The Laird Economics Report: “the economy is improving across the globe.”
We are pleased to provide InvestorIntel readers with the latest edition of The Laird Economics Report — hot off the digital press, so to speak. Each month, The Laird Economics Report examines where we are today, based on a detailed presentation of economic indicators with some historical context. This comprehensive downloadable monthly report — prepared by financial expert Jim Laird — compiles a plethora of key economic data in one easy-to-understand summary.
In this month’s report, it seems as though everyone has his or her head around the notion that “the economy is improving across the globe.” China isn’t blowing up with a hard landing and the power transition went smoothly. Europe still has horribly bad unemployment, Spain and Greece in particular, but it seems stable. The UK is on an absolute tear lately — and it seems we hear rumblings of yet another housing bubble. The US is done punching itself in the head for the time being, while its economy slowly improves. There is increasing talk of stagnant growth across the world. It’s been a long recovery process from the 2008-2010 horror show, but lately we’ve seen some big names talking about how low global demand just can’t seem to fix itself. There are bubbles here and there, but global inflation (or lack thereof) seems to be an indicator that demand is just too low. Note, however, that it used to be globalization’s job to keep inflation low — and that was viewed as a good thing. Now, not so much. As resource demand is driven in a large part by growth, we are seeing global sentiment shift away from the Canadian dollar — lots of predictions of a USD$0.80-$0.90 dollar going forward. If Canada can’t grow its way out of its problems, maybe a quick 10%-off sale on everything in Canada will do the trick here? This month’s report intentionally ignores the continuous stream of housing bubble articles… for now.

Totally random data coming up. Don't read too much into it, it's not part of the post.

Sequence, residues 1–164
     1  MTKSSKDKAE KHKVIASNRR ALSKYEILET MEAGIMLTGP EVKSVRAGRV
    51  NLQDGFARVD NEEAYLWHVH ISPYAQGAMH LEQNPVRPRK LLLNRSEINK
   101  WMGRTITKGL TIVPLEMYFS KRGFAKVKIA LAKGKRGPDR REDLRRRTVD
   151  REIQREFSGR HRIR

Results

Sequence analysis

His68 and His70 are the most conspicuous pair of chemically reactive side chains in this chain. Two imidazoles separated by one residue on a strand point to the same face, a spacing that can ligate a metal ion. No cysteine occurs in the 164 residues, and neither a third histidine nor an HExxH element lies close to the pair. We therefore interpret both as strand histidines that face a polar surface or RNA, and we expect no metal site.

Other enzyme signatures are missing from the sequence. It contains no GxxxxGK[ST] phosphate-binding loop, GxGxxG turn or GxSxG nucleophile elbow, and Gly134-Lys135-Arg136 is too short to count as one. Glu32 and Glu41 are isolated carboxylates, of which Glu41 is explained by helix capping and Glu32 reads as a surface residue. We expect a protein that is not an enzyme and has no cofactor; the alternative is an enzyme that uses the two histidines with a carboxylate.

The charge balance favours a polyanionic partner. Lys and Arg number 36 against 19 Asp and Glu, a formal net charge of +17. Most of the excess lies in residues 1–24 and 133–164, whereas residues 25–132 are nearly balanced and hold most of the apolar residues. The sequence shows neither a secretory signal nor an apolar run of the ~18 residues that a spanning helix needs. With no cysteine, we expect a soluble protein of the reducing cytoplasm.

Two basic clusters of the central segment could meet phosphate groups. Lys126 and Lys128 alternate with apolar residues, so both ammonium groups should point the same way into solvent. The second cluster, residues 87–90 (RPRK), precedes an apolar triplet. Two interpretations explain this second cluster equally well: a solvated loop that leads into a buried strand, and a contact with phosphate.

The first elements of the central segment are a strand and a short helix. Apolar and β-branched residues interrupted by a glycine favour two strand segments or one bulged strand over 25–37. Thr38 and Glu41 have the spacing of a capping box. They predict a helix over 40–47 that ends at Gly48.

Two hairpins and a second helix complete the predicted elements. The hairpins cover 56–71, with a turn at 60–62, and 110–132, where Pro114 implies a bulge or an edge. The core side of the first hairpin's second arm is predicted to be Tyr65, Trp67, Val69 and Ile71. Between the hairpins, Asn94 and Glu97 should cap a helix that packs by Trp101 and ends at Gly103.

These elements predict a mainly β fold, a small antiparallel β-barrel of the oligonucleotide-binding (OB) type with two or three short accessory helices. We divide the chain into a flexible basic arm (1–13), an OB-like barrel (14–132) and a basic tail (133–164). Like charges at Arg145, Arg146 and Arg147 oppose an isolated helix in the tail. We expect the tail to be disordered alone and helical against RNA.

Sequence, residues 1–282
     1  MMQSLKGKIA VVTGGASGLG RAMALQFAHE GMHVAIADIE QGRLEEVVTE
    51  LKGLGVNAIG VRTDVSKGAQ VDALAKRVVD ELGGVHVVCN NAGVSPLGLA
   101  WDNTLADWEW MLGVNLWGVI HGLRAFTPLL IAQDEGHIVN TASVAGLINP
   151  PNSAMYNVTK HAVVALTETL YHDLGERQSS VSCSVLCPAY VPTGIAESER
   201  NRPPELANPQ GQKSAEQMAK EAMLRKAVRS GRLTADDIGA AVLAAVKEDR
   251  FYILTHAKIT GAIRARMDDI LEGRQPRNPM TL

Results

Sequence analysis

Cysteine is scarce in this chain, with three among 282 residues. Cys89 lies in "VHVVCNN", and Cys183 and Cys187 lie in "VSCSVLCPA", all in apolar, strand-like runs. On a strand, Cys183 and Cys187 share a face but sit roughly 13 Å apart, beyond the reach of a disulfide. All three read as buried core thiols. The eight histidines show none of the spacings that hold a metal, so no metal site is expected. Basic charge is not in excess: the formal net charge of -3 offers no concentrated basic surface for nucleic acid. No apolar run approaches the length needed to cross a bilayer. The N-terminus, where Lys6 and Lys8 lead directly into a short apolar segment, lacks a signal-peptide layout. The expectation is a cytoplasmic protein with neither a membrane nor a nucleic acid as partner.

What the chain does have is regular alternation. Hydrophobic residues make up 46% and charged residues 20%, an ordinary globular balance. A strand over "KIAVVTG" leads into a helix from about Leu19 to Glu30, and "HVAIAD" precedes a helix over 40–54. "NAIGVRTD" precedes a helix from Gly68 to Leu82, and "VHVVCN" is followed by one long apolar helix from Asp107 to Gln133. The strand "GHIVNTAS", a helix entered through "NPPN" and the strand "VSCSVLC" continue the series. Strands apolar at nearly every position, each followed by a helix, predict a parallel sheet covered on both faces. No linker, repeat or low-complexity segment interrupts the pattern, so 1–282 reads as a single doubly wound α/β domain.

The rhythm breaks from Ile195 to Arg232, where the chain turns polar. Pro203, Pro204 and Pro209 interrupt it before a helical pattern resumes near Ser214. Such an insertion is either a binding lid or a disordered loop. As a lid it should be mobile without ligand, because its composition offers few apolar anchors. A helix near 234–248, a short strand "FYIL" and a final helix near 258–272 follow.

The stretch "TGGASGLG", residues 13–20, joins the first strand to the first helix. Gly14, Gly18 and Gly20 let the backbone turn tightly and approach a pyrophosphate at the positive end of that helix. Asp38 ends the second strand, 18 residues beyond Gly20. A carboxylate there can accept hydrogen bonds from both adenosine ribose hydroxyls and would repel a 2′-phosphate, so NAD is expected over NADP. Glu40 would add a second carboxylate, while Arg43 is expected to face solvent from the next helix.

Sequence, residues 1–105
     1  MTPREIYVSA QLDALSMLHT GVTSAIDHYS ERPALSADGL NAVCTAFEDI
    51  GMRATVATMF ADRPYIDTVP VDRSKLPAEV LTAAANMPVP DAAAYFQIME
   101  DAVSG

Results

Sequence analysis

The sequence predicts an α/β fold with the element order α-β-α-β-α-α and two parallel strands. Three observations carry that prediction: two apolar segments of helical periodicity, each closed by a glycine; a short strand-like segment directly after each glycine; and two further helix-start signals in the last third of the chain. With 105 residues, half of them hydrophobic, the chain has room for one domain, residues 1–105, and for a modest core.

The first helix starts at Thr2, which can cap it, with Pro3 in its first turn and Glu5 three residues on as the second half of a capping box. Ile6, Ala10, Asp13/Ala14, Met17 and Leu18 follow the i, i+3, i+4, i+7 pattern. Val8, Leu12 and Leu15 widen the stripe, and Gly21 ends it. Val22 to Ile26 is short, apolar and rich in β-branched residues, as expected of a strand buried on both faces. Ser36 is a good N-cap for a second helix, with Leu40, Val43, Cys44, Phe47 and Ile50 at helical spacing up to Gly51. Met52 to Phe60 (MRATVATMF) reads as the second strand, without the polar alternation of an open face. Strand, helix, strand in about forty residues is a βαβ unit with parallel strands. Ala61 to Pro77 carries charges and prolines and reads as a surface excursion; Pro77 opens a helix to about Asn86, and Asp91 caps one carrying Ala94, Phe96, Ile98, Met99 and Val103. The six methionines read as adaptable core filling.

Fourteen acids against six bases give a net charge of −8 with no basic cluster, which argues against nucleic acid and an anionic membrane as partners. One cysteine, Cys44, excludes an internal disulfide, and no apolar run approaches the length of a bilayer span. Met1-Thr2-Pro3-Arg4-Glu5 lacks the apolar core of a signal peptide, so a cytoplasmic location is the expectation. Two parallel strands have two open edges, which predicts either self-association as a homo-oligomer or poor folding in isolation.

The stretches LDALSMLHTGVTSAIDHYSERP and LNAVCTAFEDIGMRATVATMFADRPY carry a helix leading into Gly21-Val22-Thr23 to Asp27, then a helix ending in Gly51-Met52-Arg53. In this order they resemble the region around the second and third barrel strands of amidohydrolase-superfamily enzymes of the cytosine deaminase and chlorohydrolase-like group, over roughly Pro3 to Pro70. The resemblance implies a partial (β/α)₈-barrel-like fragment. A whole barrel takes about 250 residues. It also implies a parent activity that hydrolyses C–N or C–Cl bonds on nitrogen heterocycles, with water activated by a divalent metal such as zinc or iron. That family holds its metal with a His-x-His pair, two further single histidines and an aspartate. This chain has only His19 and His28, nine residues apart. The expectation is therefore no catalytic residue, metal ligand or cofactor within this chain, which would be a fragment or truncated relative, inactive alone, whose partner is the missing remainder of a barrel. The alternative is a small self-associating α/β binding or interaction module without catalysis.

In next month’s edition, Jim Laird will begin tracking the US Taper (the US Federal Reserve’s reduction in the size of its bond-buying program; otherwise known as quantitative easing). The Fed’s quantitative easing, which was designed to stimulate the economy, has served the secondary purpose of supporting financial market performance in recent years and remains fully intact at a pace of USD$85 billion per month.
The Laird Economics Report
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